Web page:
I thought this was a very good seafood gumbo recipe. Since I live on the West Coast, we get Dungeness crabs (known to all humans as the best crab anyway), so I used those instead of blue crabs. The gumbo had a nice depth of flavor and a nice amount of seafood, too. While I certainly tried to consume the 6 beers suggested in the recipe, I fell a bit short, but I don’t think the recipe lacked any flavor as a result.

I’ve never made seafood gumbo before—at least, not real gumbo. Wow. What an intense experience. It was very delicious and so balanced that, aside from a nice kick at the end of each spoonful, everything just melded together. Pure harmony.

But it’s very labor-intensive. That explains why it could be called Super Bowl Sunday Gumbo. The Super Bowl happens once a year, and that’s just about the limit of how many times I want to cook something for 6 hours—and I would consider myself a cook with the stamina of a marathon runner. The author was right about the 6 beers for the cook.

About David Leite

I count myself lucky to have received three James Beard Awards for my writing as well as for Leite’s Culinaria. My work has also appeared in The New York Times, Martha Stewart Living, Saveur, Bon Appétit, Gourmet, Food & Wine, Yankee, Los Angeles Times, Chicago Tribune, The Washington Post, and more.

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4.80 from 15 votes (5 ratings without comment)

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    1. Hi Robbie, this is a great dish for a Christmas Eve dinner, providing you allow yourself enough time to cook the roux. Once the roux is done, you can add additional shrimp or other seafood and serve with rice (or my favorite, grits) to feed a crowd. Were you planning on doubling the recipe? If so, you will need a very large stockpot.

      1. Robbie, I love that you’re making this for 40! And if you don’t have a single extraordinarily large stockpot, perhaps a couple large ones? Or maybe a local restaurant would loan you one?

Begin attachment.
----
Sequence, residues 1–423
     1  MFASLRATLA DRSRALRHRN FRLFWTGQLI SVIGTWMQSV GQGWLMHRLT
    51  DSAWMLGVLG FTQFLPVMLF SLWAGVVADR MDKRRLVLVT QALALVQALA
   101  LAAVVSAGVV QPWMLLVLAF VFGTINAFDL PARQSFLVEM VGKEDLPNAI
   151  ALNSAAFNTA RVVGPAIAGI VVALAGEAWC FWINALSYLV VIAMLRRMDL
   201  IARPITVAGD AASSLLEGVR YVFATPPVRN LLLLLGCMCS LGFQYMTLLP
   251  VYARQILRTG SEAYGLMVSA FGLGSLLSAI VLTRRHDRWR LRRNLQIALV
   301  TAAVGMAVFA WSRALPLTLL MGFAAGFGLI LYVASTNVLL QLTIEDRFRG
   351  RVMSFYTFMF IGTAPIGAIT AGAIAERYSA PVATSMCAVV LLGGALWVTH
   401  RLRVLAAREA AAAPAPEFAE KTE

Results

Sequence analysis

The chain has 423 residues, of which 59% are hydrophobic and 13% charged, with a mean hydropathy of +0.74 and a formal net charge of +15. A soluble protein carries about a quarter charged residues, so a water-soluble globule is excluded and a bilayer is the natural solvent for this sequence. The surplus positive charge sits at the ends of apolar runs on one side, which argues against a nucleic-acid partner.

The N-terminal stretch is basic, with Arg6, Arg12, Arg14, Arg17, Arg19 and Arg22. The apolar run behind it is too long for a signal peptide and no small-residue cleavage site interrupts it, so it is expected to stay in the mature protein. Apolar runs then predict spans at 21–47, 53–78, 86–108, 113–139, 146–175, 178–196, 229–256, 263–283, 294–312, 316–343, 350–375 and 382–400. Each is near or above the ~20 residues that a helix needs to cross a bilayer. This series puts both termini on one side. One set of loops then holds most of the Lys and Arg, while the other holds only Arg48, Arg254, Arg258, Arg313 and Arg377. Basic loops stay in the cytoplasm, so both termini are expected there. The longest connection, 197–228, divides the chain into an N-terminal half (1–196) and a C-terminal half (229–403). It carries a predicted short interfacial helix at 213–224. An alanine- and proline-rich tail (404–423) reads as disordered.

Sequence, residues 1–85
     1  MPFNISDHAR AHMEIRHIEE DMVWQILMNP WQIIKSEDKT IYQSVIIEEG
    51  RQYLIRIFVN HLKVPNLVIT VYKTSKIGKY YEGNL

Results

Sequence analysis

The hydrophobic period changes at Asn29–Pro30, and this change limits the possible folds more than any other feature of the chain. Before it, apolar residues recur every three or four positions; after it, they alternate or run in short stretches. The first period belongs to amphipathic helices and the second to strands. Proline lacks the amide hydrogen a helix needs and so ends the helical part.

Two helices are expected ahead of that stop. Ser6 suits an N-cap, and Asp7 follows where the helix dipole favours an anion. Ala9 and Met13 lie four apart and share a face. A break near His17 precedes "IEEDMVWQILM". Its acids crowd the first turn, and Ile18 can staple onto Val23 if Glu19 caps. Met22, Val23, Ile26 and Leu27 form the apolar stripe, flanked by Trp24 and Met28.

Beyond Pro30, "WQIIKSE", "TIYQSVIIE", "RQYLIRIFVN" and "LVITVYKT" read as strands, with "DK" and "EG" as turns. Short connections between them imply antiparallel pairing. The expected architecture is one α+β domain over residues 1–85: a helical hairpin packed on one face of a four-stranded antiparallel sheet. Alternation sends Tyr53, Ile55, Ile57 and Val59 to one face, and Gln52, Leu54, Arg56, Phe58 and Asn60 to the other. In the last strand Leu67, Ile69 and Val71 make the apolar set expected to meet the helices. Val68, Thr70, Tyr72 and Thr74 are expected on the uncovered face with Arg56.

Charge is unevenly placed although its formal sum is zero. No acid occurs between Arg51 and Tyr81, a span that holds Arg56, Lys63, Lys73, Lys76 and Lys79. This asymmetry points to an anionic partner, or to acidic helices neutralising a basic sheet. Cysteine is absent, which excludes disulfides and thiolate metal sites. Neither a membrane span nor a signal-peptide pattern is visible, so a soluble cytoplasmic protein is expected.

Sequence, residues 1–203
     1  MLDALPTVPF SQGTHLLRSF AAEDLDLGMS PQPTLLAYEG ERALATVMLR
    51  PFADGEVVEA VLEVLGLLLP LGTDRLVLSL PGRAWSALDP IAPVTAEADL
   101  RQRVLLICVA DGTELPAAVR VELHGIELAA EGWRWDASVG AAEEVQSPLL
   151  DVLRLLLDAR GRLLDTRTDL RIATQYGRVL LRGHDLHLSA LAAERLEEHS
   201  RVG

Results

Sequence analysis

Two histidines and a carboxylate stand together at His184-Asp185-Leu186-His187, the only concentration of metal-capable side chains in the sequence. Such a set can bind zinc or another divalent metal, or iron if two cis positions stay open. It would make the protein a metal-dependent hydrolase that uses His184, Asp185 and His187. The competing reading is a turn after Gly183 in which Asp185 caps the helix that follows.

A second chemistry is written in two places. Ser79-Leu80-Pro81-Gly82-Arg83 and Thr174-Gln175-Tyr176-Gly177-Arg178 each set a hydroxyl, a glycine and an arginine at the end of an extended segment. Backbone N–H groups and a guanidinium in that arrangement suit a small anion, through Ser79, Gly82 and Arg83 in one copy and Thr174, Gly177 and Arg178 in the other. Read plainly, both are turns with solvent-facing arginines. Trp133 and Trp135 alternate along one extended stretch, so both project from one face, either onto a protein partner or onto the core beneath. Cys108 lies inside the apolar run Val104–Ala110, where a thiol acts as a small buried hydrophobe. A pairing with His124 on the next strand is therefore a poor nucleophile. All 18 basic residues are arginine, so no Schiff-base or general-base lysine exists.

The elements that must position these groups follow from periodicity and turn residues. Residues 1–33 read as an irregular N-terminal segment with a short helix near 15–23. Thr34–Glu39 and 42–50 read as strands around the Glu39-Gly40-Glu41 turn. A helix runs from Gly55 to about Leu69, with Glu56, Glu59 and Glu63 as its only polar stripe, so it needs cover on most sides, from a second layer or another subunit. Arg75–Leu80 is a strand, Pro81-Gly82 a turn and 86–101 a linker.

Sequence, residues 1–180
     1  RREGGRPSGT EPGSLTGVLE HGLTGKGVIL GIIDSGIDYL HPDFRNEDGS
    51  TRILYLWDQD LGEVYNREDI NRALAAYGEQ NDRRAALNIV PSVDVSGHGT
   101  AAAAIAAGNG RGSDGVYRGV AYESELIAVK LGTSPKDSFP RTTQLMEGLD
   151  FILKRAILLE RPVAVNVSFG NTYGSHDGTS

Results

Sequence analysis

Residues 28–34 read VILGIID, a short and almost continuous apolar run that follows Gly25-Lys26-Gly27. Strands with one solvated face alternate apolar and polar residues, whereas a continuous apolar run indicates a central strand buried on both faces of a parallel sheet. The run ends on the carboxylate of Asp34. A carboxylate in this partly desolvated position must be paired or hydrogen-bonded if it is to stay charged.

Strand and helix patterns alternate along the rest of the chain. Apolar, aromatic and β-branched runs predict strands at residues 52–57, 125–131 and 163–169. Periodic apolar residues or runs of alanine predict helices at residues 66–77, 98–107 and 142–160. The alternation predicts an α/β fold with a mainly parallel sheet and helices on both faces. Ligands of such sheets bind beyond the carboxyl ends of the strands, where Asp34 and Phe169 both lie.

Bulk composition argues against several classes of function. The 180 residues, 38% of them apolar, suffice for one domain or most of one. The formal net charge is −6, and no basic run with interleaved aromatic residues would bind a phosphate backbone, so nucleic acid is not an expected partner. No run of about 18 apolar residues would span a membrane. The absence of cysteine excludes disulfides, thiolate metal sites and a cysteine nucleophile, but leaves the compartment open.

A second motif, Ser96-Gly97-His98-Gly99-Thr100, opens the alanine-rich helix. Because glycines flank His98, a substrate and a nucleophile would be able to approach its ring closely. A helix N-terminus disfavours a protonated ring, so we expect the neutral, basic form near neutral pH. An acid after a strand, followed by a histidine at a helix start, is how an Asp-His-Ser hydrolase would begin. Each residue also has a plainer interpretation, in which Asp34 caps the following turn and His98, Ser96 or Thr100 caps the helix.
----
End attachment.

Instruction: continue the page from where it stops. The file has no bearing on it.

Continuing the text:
1. We just tried this magnificent recipe in France. So we had to convert cups to grams and liters and maybe that’s why our roux was a bit abundant and our stock just enough. We added some okra too and the seafood gumbo was really thick. But it was delicious!

    Next time we will make less roux but we’ll keep the okra and make more stock.

    As there are no blue crabs in France, we took “tourteau” (a bigger brown crab) instead. And since we were 6, we cut the quantities in two and so we just bought a single tourteau. We also bought only a dozen of oysters and it was enough in our opinion.

    The stock was super tasty! I decided to crush the heads of the shrimps to extract the very substance of their taste.

    I wanted also to limit to the maximum the crab suffering, so I froze the tourteau for half an hour and then, with a huge knife and a hammer, I cut the creature in two. It was instant death and it helped me get the best parts of the crab easily and use the rest for the stock.

    Anyhow, we had a marvelous time and we wanted to thank you for sharing this beautiful recipe.

    1. Flor, you are so very welcome. Many kind thanks for taking the time to let us know that you, too, had a marvelous experience with the gumbo. Loved reading about your tweaks and your humaneness. Greatly appreciated.

  2. 4 stars
    Hi, I tried my best to make this and it was delicious, but mine was VERY thick, is it supposed to be like that? I had to add so much extra water just thin it down a little bit and it just seemed like enough to serve an entire party of 50+!!!!

    Some other recipes called to add the roux to the stock to adjust the thickness. It browned well and I thought I did it exactly as the recipe called but by the end it was just gloop! Have you had that problem? Where did I go wrong?

    1. Hi Katrina, you are right- this recipe can serve a crowd! I’m sorry that it turned out a little thick for you, how much seafood stock did you add?

      1. I didn’t really measure the pot. Maybe next time I will try more stock…I was just so unsure because it seemed like so much already and there wasn’t any room for more water XD

        1. Ah. I understand. Next time, perhaps grab a second large pot and divvy the contents between the two and then, if it thickens as it did this time, you can add more stock with room to spare.